Lexico defines “endogamy” as “the custom of marrying only within the limits of a local community, clan or tribe;” and “exogamy” as “the custom of marrying outside a community, clan or tribe.”
On the other hand, “homogamy” is “marriage between people from similar sociological or educational backgrounds;” while “hypergamy” is “marrying or forming a sexual relationship with a person of a superior sociological or educational background.”
While cousin marriage is considered a taboo in many places, in some cultures, it is allowed and sometimes encouraged.
Proponents of endogamy emphasize that it strengthens unity in the group, while supporters of exogamy argue that exogamy unites various groups. But many still insist that marrying a person living next door is better than marrying a stranger from another town, state or country.
A paper, “Racial, Educational, and Religious Endogamy in the United States” by Michael J. Rosenfeld of Stanford University, points out: “First, endogamy has declined sharply over the 20th century, but race is still the most powerful division in the marriage market. Second, higher education has little effect on racial endogamy for Blacks and whites. Third, the division between Jews and Christians is still strong, but the division between Catholics and Protestants in the marriage market has been relatively weak since the early 20th century. Fourth, educational endogamy has been relatively stable over time.”
We asked our panel about endogamy versus exogamy. Here’s what they have to say:
Sherif A. Elfass, member, Northern Nevada Muslim Community
There is a difference between religious mandates and culture norms. Islam encourages Muslims to marry Muslims, but it did not restrict it to be only within the Islamic faith. It `does, however, prohibit Muslims from marrying nonbelievers. Islam considers believing in the existence of one God and His books is essential for generating the common understanding and shared principles required for a healthy and prosperous marriage. With this in mind, Muslim men are allowed to marry Christians and Jews (People of the Book) but cannot marry polytheistic women (Quran 5:5). Muslim women, however, are restricted to marry Muslim men (Quran 2:221) for reasons discussed in a previous article. Culturally, Muslims used to prefer to marry from the same tribe, country, ethnicity and region. However, this tradition has been fading away over the years, especially in urban areas and within highly educated communities. Nevertheless, it still exists in few Muslim countries.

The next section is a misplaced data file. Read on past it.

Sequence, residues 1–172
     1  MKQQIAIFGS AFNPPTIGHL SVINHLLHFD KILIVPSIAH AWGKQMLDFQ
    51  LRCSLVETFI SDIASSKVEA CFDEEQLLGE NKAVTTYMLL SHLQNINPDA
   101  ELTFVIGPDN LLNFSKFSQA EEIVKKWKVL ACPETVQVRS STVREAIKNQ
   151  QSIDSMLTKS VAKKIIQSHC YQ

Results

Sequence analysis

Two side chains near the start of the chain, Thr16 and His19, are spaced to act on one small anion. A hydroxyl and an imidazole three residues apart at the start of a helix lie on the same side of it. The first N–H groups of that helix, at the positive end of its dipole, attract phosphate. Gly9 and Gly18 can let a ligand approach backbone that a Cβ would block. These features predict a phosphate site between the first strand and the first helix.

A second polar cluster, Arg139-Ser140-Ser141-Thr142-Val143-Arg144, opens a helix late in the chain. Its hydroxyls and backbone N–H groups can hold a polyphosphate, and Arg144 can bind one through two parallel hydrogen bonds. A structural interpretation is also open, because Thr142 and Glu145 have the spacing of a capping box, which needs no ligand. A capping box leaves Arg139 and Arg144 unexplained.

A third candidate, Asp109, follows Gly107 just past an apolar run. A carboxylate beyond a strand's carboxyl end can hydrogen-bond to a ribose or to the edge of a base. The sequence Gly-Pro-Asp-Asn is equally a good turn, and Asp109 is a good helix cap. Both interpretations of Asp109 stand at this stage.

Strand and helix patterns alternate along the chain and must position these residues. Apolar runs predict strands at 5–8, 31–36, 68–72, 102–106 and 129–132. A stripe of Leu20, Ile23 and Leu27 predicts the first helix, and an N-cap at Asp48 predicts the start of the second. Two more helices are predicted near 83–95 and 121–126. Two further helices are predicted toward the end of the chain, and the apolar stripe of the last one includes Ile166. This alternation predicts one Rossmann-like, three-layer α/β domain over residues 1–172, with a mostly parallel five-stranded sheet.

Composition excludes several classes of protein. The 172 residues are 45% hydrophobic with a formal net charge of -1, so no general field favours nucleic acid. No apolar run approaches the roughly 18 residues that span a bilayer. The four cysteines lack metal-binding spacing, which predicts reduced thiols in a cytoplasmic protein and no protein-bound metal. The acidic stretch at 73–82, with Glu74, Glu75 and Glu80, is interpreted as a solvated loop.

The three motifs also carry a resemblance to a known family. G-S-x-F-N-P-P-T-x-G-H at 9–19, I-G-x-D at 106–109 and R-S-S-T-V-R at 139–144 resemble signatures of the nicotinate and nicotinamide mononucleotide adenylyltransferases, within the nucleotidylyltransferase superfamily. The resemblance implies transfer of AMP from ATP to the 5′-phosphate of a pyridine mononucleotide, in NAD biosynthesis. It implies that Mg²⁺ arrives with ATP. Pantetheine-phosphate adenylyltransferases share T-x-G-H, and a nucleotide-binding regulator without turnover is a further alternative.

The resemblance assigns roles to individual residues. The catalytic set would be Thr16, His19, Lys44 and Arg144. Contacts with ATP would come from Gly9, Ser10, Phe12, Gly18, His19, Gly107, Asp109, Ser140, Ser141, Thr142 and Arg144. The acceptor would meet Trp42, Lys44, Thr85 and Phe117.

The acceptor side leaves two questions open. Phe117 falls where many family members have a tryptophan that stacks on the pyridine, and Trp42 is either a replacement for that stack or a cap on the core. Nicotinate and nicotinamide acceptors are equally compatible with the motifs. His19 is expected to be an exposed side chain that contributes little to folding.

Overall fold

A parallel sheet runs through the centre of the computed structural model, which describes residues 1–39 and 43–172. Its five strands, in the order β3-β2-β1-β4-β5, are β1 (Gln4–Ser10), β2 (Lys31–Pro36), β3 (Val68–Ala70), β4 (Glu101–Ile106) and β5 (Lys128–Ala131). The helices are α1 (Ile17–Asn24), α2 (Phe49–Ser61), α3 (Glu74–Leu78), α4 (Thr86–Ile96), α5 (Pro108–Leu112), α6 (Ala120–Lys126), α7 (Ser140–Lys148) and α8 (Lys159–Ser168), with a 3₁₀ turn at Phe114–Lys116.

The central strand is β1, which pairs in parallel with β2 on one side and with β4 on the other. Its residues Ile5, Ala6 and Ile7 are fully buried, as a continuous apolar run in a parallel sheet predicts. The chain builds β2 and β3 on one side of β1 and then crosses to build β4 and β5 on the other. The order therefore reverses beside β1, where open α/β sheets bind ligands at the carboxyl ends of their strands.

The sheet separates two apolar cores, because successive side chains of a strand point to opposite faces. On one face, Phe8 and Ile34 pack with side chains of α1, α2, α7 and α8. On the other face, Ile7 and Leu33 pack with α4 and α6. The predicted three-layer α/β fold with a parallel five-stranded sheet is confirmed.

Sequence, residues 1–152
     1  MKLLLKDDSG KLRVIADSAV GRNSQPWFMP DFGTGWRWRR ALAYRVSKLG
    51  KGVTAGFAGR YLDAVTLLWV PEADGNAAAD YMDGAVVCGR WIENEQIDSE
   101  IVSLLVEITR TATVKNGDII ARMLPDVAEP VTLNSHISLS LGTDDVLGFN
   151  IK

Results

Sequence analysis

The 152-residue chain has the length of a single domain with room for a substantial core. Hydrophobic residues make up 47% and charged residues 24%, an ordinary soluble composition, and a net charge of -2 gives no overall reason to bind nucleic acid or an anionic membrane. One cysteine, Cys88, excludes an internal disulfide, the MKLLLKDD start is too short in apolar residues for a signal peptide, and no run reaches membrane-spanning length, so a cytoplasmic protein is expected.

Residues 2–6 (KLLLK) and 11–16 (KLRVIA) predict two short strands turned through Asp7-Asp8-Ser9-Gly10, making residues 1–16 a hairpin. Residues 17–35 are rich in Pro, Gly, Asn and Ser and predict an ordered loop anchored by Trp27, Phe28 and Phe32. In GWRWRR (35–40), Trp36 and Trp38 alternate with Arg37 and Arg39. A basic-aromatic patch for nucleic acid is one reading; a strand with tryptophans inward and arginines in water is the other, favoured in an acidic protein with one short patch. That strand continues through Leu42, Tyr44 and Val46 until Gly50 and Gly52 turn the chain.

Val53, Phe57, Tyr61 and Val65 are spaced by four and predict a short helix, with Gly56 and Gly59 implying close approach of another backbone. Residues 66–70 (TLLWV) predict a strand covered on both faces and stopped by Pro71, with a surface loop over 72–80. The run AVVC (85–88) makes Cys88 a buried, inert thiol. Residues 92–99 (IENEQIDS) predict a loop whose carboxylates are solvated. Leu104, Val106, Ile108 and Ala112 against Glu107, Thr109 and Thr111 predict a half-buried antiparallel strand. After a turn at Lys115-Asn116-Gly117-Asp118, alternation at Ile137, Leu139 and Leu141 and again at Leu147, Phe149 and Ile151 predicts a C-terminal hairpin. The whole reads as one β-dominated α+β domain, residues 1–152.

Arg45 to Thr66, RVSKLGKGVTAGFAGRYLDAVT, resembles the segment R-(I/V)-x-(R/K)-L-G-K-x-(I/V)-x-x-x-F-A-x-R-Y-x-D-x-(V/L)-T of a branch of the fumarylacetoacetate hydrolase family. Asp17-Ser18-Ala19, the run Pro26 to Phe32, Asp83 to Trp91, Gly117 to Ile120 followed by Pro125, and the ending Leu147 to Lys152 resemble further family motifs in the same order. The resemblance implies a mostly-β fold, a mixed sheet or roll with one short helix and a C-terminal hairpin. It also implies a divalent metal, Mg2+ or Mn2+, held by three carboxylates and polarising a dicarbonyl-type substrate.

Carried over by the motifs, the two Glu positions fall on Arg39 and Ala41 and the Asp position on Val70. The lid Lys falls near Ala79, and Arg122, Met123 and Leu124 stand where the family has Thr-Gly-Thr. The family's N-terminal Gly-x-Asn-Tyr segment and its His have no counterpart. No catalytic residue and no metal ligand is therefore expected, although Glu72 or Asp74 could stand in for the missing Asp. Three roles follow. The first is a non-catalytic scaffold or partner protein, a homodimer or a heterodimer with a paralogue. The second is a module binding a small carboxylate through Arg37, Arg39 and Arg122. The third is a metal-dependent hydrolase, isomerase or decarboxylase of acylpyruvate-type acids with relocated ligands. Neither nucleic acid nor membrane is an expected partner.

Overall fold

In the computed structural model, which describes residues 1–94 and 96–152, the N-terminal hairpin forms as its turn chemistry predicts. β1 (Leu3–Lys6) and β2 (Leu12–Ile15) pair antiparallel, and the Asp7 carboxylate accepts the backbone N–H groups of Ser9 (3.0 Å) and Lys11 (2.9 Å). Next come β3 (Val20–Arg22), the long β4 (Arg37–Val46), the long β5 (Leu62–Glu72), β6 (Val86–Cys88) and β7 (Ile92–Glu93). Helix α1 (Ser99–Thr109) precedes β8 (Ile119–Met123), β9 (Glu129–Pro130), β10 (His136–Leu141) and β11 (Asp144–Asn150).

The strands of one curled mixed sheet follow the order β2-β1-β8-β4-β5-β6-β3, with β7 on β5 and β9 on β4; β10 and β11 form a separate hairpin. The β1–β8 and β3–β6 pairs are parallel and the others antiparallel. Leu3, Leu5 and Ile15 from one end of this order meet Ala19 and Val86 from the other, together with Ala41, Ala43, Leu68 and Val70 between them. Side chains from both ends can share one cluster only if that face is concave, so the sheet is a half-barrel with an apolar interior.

Daniel H. Mueggenborg, bishop, Roman Catholic Diocese of Reno
The Catholic Church strongly discourages the enforced practice of endogamy since it diminishes the freedom of individual(s) to marry their divinely intended spouse. When practiced, endogamy is usually based on ethnic, cultural or racial considerations rather than religious factors as was recently manifested in the controversial Knanaya Church in India (coincidentally, I am a classmate of Bishop Michael Mulhall who investigated this practice on behalf of the Vatican).
In short, people should be free to marry without geographical or tribal borders preventing them from it.
With that said, Catholics are encouraged to marry spouses who share the same or similar religious beliefs since shared faith means shared values, which can help them navigate difficult situations and decision in marriage and family life. Sharing a common faith also provides mutual encouragement and incorporates a spiritual dimension to their marriage that can become an opening of grace when they most need it.
Matthew T. Fisher, resident priest, Reno Buddhist Center
Buddhism has no rules about intermarriage or requirements to only marry another Buddhist. A person should follow their best judgment in choosing a life partner. Often the advice of wise friends is also helpful when making important life choices. Younger people should seek out the advice of their elders to help make a good choice. In American immigrant Buddhist communities, the first generations were unlikely to intermarry, but later second and third generations were more relaxed about the practice.
Challenges exist when people of different faiths marry. Of utmost importance is mutual respect. If each partner can respect and support the other in their faith journey this is the best state of affairs. Buddhism recognizes that each individual has a unique spiritual journey — a path to follow toward fulfillment and ultimately enlightenment. We recognize this path may include relationships and connections to other faith communities.
Micheal L. Peterson, northwest Nevada media specialist, Church of Jesus Christ of Latter-day Saints
I favor endogamy as a general rule because I have seen firsthand the difficulty that presents itself to those who have chosen to marry outside of their faith or race. The family is the fundamental unit in society and is necessary for its health and growth. The primary responsibility of a parent is to teach their children, but what do you teach when the belief systems of the parents are so different? “Let the children choose for themselves,” you say, but to do that presents confusion and stress upon the children looking for guidelines and security in their life, not responsibility for life-changing decisions and further conflict for the family in addition to the normal pressures of life. Research suggests that the average divorce rate in this country now hovers near 50%, a sad commentary for our nation. The divorce rate for an LDS temple marriage is approximately 19%.
Dawn M. Blundell, senior pastor, Epworth United Methodist Church, Fallon
This question has led to some deep thinking. I don’t have a real sense of “tribe” because my own white, Anglo, suburban, mainline Christian community has been the majority where I have lived, by far. I certainly have always felt free to marry whomever I pleased. So, my first instinct was to say that my faith tradition has no opinion on this. But of course, it does; it’s just so rarely challenged that it remains hidden. “Do not be unequally yoked” is the phrase I’ve heard used as a warning in more conservative Christian circles: Be sure you marry someone who comes from a similar culture, and has the same faith and values as you do. The reasoning is that it reduces the potential for conflict. It’s less overt in my moderate/progressive bubble, and the repercussions for deviation somewhat less severe, but it’s there too.